Q&A: Keeping invasive plants out of Florida’s natural areas


Vegetation Management Manager,

Southwest Florida Water Management District

The Southwest Florida Water Management District’s (District) goal is to maintain healthy ecosystems and preserve native plant populations.

Many invasive species are well-established and are extremely difficult (and expensive) to eliminate.

Vegetation Management Manager Garrett Snider explains how the District works to keep new invasive plants out of Florida’s natural areas.

QUESTION: What is vegetation management?

ANSWER: Vegetation management is the targeted control of nuisance and invasive, exotic vegetation. These operations are conducted on both District-owned lands and on District-managed, public waterbodies.

This includes the control of aquatic vegetation, growing in or near water, and terrestrial vegetation, which means growing on land.

Q: Why is vegetation management important?

A: Invasive plants were introduced by humans to Florida without any “natural enemies” that would help control their growth like what exists in their place of origin.

These plants grow quickly and often propagate easily, out-competing native vegetation.

Invasive terrestrial vegetation can displace native plant communities, disrupt normal ecosystem processes, such as fire ecology, and destroy wildlife habitat. Invasive aquatic vegetation can hinder navigation, which negatively impacts recreation like boating, swimming, and fishing.

Invasive aquatic vegetation also can negatively impact water quality, fish, and wildlife habitat, and limit the natural movement of water during flood events by forming jams in natural waterways and man-made structures such as bridges, for example.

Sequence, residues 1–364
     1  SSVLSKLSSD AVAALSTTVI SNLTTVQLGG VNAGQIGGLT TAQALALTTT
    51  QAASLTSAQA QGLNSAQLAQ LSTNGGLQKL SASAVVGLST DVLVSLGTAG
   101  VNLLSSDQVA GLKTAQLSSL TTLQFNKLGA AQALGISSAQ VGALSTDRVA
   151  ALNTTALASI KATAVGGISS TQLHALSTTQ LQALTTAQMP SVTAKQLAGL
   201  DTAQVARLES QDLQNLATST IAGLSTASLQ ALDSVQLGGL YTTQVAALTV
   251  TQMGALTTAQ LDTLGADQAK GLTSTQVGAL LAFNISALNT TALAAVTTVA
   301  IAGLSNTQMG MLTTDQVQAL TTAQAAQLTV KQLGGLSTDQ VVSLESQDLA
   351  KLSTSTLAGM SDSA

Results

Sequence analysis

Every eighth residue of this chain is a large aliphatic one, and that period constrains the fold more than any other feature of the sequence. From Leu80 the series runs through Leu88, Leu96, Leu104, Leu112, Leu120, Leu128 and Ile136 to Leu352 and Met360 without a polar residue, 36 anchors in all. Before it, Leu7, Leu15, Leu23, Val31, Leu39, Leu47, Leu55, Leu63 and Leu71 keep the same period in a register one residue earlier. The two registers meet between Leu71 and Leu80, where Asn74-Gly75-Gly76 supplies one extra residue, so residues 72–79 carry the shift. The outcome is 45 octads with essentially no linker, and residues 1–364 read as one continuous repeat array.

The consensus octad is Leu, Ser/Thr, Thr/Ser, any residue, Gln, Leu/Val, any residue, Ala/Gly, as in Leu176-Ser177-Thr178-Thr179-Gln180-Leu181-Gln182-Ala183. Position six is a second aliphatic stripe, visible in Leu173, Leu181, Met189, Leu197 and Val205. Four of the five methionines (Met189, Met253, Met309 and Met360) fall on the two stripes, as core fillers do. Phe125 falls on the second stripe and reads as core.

Q: How does the District control invasive vegetation throughout the region?

A: The District utilizes a comprehensive approach to managing invasive vegetation on District lands and public waterbodies.

Integrated pest management is a method of managing invasive vegetation that combines cultural, biological, mechanical and chemical controls, while considering the impact of these control methods on the environment.

On public waterbodies, the District works with the Florida Fish and Wildlife Conservation Commission (FWC) to maintain healthy aquatic ecosystems through FWC’s aquatic plant management program.

Aquatic plant management operations are conducted using aquatic herbicides (chemical), harvesters (mechanical), and triploid grass carp (biological), a weed-eating fish.

The methods used depend on the plant species being targeted, the level of infestation, the size of the water body, and its primary use among other factors.

No single method is effective for all situations.

Additionally, the District engages in cultural control methods by educating the public about invasive vegetation through information and public engagement.

Q: What can happen when invasive vegetation is not controlled?

A: Invasive aquatic plants can impede water flow through rivers, ditches, control structures (dams), and other conveyances. Rampant aquatic vegetation can make it difficult for the members of the public to use boats or kayaks in District waterbodies, disrupt fish and wildlife habitat, and can impact water quality. Invasive terrestrial vegetation can disrupt wildlife habitat, damage native plant communities, and alter fire behavior.

Q: How can the public help?

A: Keeping invasive plants under control is a challenging job.

Aside from the District’s efforts in managing thousands of acres of conservation lands and public waters, you can do your part in helping to stop the spread of invasive plants by learning what plants you should and should not plant and by ensuring that all aquatic plant material is removed from your boat and trailer before and after launching your boat.●

Garrett Snider is the vegetation management manager for the Southwest Florida Water Management District. Garrett is a licensed Florida pesticide applicator and has more than 20 years of vegetation management experience. He is a member of the Florida Aquatic Plant Management Society and holds a bachelor’s degree in Sustainability Management from St. Petersburg College along with a Project Management Certification.


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